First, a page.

Appreciate your advice

Collapse
X
 
  • Filter
  • Time
  • Show
Clear All
new posts

    Appreciate your advice

    Can you serve section 21(4)(a)? Tenants have changed things within the property without asking our permission . tenancy started in Nov 2011 .

    also can i put deposit into protection scheme now - was unable to sort out at the time of receiving due to personal issues(illness).
    Last edited by taverymuch; 23-12-2012, 22:00 PM. Reason: more details

    #2
    Originally posted by taverymuch View Post
    Can you serve section 21(4)(a)? Tenants have changed things within the property without asking our permission . tenancy started in Nov 2011 .
    A section 21(4)(a) Notice Requiring Possession is a no fault notice which can only be validly served
    (i) when any protectable deposit has been protected and
    (ii)during a statutory periodic tenancy, to expire after the last day of a rental period.

    When did the fixed term begin and when did it/will it end?
    Was it renewed with another fixed term AST or was it allowed to become periodoic (month by month)?

    also can i put deposit into protection scheme now - was unable to sort out at the time of receiving due to personal issues(illness).
    Yes you can, and you must supply the prescribed information immediately. It is a bit tenuous to say that you have not had the chance to protect it for over a year. I suggest you use the DPS, as it's free to use and quick to lodge deposits with:

    http://www.depositprotection.com/

    This is their template for the Prescribed Information:

    http://www.depositprotection.com/doc...n-template.pdf

    You must by law also supply them with a copy of the DPS terms and condiitons:

    https://www.depositprotection.com/do...conditions.pdf
    'Pause you who read this, and think for a moment of the long chain of iron or gold, of thorns or flowers, that would never have bound you, but for the formation fo the first link on one memorable day'. Charles Dickens, Great Expectations

    Comment


      #3
      It's too late to comply with deposit protection. If you want to serve a s.21 notice then you'll have to refund the deposit first before serving the notice.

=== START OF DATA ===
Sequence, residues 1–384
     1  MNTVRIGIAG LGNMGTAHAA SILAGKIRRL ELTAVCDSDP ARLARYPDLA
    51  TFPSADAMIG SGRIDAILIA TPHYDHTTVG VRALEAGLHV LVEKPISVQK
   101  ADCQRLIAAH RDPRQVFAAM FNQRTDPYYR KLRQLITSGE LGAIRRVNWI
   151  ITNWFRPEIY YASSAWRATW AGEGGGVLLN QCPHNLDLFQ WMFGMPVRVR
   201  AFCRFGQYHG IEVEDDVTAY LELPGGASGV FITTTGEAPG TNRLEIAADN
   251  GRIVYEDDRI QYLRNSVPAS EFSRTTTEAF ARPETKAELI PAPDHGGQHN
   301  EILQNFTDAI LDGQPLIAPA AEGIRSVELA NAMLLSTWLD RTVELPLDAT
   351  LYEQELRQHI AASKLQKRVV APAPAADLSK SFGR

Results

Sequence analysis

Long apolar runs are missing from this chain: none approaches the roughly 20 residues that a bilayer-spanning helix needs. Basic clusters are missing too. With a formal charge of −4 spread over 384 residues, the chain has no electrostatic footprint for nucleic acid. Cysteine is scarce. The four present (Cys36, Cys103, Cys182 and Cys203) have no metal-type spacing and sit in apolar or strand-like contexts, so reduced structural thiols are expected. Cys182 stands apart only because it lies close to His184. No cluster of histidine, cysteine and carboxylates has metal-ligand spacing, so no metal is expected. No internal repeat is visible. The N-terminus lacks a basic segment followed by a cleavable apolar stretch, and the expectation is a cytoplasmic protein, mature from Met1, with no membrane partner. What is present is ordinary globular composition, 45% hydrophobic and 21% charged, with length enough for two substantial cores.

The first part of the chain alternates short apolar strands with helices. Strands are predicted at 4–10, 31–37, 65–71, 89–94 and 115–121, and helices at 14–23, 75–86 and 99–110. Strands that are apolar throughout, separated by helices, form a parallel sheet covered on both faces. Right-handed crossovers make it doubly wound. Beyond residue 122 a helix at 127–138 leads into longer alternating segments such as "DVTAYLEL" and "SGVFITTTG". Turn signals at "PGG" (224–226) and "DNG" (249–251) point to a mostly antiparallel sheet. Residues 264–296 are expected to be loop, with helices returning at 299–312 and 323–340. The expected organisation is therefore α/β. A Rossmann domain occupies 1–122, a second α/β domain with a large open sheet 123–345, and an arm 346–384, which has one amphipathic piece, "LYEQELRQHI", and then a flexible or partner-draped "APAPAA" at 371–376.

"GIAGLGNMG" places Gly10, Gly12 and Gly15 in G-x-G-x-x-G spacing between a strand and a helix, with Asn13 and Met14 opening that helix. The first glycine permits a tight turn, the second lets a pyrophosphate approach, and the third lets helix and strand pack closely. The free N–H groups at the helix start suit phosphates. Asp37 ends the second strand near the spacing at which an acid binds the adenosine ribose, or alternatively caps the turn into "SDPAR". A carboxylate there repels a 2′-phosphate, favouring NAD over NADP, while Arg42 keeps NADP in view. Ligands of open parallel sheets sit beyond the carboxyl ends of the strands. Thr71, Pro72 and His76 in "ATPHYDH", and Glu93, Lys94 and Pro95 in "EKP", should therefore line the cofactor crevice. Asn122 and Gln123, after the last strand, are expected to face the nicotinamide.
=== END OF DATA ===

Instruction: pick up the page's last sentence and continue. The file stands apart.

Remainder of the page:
Comment


        #4
        Originally posted by westminster View Post
        It's too late to comply with deposit protection. If you want to serve a s.21 notice then you'll have to refund the deposit first before serving the notice.
        Does that apply even to deposits received before the rules were changed? I am assuming that the deposit was received around the time the tenancy began, ie November 2011.

        It would make sense if it did not [apply], I agree ( a year is a ridiculous length of time to hang on to a deposit) but I thought the new legislation was non-retrospective.
        'Pause you who read this, and think for a moment of the long chain of iron or gold, of thorns or flowers, that would never have bound you, but for the formation fo the first link on one memorable day'. Charles Dickens, Great Expectations

        Comment


          #5
          The Localism Act amendments which came into force on 6th April 2012 apply to all AST tenancies in place on or after that date. There was then a 30 day grace period for LLs who hadn't yet complied to comply.

          Of course, it's still possible to protect the deposit, but doing so would not enable Taverymuch to serve a valid s.21 notice due to the amendments to s.215 Housing Act 2004, which removed the late compliance loophole.* Taverymuch is also inescapably exposed to a non-compliance claim by the tenant under s.214 of the Act.

          ===
          * However, if the deposit has been protected within the required deadline, but the prescribed information hasn't been given, it is possible to comply late with the latter and serve a valid s.21. This doesn't get the LL off the hook in respect of s.214, though.

          Comment


            #6
            thank you for your advice. have given tenant their deposit back.

            Comment


              #7
              Obviously it is totally your choice but are these changes sufficient to warrant the cost of eviction?

              Not just the legal process but the cost of putting the changes right / refurbishment / finding a new tenant / tenant void?

              Comment

              Latest Activity

              Collapse

              Working...
              X